In Case You Missed It

In a post at the International Mission Board, Dr. Bruce Ashford asks, “In Post-Christian America, Should Christians Retreat from Mission?”

Rod Dreher’s The Benedict Option is the bestselling and most discussed religious book of the past year. In it Dreher argues that the past few decades in American life have revealed the extent to which Bible-believing Christians have been decentered socially, culturally, and politically. An increasing number of Americans—including those with cultural power—view historic Christianity as implausible, unimaginable, and even evil. The effect of this attitude on America’s social and cultural institutions has been devastating.

 

For this reason, Dreher exhorts us to strengthen the church while there is still time. He sees encouraging signs that Christians have begun to come to grips with the reality of a post-Christian America, but argues that we have yet to take the necessary steps to strengthen our churches, families, and local communities for the difficult years ahead.

 

At the Intersect Project, Erik Clary discusses disasters, divine retribution, and the danger of rushing to judgement.

In North America, many will remember 2017 as the year of calamity. Catastrophic storms, massive earthquakes, devastating fires and a horrific mass-shooting have wreaked death and destruction. Amid the public response to these large-scale tragedies, some commentators—typically professing Christians—declare that the hand of God is punishing people and nations.

 

Similar claims, one may recall, were advanced in attempts to make sense of 9/11 in 2001, the Indonesian tsunami of 2004, Hurricane Katrina in 2005, the Haitian earthquake of 2010, and West Africa’s Ebola outbreak in 2014. Collectively, they suggest a particular approach to explaining horrific evil that we might call the “calamity-must-be-punishment” thesis—the notion that wherever we find horrific suffering and mass tragedy, God is in the mix exercising judgment in response to specific sin (individual or collective). In response, then, we must ask, “Do large-scale calamities necessarily signal divine punishment being meted out against its victims?”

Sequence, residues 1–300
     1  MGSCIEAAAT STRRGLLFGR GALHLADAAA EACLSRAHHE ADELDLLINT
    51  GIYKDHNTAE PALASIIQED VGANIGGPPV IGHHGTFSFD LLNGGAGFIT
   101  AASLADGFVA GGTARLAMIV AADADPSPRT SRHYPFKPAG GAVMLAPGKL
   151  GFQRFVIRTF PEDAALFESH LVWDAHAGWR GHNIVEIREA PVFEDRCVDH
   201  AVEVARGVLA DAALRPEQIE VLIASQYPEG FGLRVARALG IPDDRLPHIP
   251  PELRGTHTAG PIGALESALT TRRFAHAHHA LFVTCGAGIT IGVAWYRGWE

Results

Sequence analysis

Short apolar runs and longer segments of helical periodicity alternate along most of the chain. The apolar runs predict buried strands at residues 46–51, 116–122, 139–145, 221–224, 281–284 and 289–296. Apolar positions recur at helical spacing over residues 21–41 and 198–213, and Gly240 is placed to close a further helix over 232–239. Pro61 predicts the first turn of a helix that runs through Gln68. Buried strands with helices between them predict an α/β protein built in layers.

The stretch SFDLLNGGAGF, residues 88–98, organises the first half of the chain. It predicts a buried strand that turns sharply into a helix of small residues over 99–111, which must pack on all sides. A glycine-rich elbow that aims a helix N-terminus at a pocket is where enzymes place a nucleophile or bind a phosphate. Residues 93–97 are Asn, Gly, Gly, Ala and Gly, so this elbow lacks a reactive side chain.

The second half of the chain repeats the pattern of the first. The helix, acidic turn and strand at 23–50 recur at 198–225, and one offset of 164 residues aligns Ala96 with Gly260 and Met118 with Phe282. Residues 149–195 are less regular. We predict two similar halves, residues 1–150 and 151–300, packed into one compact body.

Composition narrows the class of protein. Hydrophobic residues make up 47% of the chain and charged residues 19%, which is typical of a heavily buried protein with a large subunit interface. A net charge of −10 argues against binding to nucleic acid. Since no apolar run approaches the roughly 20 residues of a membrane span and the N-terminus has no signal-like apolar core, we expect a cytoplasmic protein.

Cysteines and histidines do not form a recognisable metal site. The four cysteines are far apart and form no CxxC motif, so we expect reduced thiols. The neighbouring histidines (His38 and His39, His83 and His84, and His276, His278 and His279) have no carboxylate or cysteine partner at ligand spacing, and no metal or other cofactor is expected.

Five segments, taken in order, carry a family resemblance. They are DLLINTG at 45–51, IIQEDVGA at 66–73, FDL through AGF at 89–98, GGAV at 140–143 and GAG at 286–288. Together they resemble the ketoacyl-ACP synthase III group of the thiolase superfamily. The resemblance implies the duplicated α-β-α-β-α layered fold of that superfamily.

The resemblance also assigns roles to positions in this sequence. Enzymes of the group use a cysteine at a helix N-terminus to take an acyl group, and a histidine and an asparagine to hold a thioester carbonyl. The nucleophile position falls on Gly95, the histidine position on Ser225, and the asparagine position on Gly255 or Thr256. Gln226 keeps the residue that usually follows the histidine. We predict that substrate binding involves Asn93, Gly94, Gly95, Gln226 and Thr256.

Yet a careful examination of Scripture not only fails to support the calamity-must-be-punishment thesis, but it also exposes such thinking as spiritually shallow and, at least in some cases, downright sinful. In particular, there are three concrete examples in Scripture where this interpretation of evil is offered and then met with divine correction.

 

Matt Smethurst interviewed Walter Strickland at The Gospel Coalition giving a behind the scenes look at Dr. Strickland’s life as a reader.

I asked Walter Strickland—assistant professor of systematic and contextual theology at Southeastern Baptist Theological Seminary, co-author of Every Waking Hour, and contributor to Removing the Stain of Racism (B&H Academic, 2017) [review]—about what’s on his nightstand, books he re-reads, books that have shaped his understanding of racial justice, and more.

 

At The Gospel Coalition, Trevin Wax shared an article discussing how a satisfied church is not a holy congregation; it may just be a complacent one.

If you’ve been through a church conflict, you know the truth of Psalm 133:1How good and pleasant it is when brothers live together in harmony! (CSB)

 

When doctrinal disputes fracture a congregation, or when personal preferences lead to disunity, or when personality conflicts cause division, Christians naturally long for peace, a renewed sense of unity in the fellowship we have in Christ and the partnership we have in mission.

 

We crave unity. We want to experience contentment. We want to see the church united by what matters most–what God wants, not what we want. Or better said, we want to want what God wants for our church.

 

But it’s easy for Christians who have been through a season of conflict or discontentment to pursue peace and satisfaction as the goal. It’s easy for churches to imagine that it’s a sign of faithfulness when everyone is getting along and everyone is satisfied.

 

This is the mistake that robs many a congregation of missional effectiveness.

 

In a post at the Intersect Project, Alysha Clark reflected on how Reformation history came alive for her on a recent study tour with Southeastern Seminary.